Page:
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What we learned from Arizona’s loss at Alabama

NCAA Basketball: Arizona at Alabama Marvin Gentry-USA TODAY Sports

The Arizona Wildcats lost to the Alabama Crimson Tide 76-73 on Sunday in Tuscaloosa to fall to 7-3 on the season.

Our full recap can be found here, and here are some additional takeaways from the loss.

This is not a first-half team

For the second game in a row, the Wildcats trailed by double figures in the first half, as Alabama ballooned its lead to 19 with 7:05 left in the period.

The good news is Arizona rallied back to make it a nine-point game heading into the locker room and even held a lead in the second half at multiple points. But you can’t accumulate that kind of deficit and expect to beat decent teams. Alabama isn’t Utah Valley.

It’s hard to pinpoint whose fault it is.

Arizona got off to a 10-8 start and the game was tied at 12 when Alabama broke out on a 7-0 run when Arizona had Alex Barcello, Ira Lee, Dylan Smith, Justin Coleman and Ryan Luther on the court.

That would lead you to believe it was the bench’s fault for the collapse, but Brandon Randolph and Brandon Williams replaced Smith and Barcello, and the deficit expanded to 25-14. Then Chase Jeter and Emmanuel Akot replaced Lee and Luther to put UA’s starting five on the court, but Alabama pushed its lead to 30-14.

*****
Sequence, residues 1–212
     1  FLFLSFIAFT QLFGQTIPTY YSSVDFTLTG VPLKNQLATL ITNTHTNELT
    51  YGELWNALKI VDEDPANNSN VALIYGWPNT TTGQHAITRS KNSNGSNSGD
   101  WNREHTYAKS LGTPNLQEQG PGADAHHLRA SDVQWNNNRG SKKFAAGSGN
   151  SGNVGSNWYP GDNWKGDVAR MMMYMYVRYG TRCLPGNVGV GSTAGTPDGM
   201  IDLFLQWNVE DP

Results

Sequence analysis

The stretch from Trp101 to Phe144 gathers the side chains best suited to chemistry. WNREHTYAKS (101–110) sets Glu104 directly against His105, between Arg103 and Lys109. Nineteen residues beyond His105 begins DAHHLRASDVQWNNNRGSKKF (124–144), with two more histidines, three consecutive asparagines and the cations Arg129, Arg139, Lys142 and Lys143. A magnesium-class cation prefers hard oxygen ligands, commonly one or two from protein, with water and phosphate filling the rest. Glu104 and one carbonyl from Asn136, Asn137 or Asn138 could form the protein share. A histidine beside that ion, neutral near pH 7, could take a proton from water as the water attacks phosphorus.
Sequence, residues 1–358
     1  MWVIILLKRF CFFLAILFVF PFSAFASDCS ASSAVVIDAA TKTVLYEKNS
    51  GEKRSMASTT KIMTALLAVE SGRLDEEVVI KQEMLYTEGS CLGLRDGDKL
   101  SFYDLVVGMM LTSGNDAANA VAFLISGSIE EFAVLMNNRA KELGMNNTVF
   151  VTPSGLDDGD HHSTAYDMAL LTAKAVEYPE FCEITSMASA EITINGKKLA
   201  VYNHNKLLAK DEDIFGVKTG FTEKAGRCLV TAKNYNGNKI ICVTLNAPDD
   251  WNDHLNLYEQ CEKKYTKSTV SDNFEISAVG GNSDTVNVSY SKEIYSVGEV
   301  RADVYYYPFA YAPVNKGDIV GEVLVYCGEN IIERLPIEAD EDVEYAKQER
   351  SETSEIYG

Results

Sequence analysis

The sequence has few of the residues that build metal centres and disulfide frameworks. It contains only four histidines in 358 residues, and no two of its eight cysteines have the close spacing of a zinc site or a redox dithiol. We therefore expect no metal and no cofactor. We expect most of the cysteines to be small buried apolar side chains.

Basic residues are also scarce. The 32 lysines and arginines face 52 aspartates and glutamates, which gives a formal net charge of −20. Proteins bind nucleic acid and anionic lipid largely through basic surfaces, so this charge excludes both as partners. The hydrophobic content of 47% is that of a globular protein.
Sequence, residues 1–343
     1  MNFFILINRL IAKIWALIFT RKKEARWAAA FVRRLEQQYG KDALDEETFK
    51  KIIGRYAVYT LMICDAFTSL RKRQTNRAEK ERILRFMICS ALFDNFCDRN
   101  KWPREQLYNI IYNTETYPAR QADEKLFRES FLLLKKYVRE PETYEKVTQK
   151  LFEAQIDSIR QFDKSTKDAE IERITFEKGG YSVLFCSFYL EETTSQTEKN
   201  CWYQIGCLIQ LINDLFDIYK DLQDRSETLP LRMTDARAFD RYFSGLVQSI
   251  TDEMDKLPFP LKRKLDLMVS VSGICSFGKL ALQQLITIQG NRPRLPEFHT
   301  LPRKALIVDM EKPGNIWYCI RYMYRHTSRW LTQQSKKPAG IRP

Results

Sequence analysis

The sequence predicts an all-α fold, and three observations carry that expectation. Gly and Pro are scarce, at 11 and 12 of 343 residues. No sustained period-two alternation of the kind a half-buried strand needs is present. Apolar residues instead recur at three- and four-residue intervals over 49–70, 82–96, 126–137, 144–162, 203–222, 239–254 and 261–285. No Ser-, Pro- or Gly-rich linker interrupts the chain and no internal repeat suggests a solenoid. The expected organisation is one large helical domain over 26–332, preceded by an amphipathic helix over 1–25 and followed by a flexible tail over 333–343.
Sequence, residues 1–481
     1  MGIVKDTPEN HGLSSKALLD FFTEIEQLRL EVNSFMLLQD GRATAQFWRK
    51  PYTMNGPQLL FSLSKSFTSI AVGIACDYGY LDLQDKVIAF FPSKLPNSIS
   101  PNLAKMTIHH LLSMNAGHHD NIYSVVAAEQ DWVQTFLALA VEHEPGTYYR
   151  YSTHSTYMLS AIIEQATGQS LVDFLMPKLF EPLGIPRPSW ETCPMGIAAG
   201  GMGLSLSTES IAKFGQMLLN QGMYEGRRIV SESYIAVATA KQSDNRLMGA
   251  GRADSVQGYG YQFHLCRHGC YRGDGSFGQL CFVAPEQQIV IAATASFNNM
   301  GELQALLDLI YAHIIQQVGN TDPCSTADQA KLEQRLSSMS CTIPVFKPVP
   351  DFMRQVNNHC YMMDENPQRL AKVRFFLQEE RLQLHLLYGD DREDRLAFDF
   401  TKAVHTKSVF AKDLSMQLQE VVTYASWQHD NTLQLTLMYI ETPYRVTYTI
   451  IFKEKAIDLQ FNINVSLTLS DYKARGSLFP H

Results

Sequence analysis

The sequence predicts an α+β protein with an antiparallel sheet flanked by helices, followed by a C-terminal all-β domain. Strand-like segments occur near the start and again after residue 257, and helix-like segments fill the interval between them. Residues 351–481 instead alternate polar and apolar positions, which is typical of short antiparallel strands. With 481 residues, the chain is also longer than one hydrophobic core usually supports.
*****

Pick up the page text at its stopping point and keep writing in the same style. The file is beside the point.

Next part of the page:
If there is one common theme, it’s that Arizona struggled when Chase Jeter wasn’t on the court. He had a +13 plus-minus, meaning the Wildcats were outscored by 16 when he was on the bench. That is remarkable when you consider Jeter was only off the court for six minutes all game.

However, it does make some sense when you look at the numbers of the guys replacing him Lee had two points and two turnovers in five minutes. Luther had four points (on six shots) and six rebounds in 19 minutes. They were a combined -24.

You could also look at Randolph’s tale of two halves. He shot 3 for 12 in the first half, but 4 for 8 in the second half, including two 3s.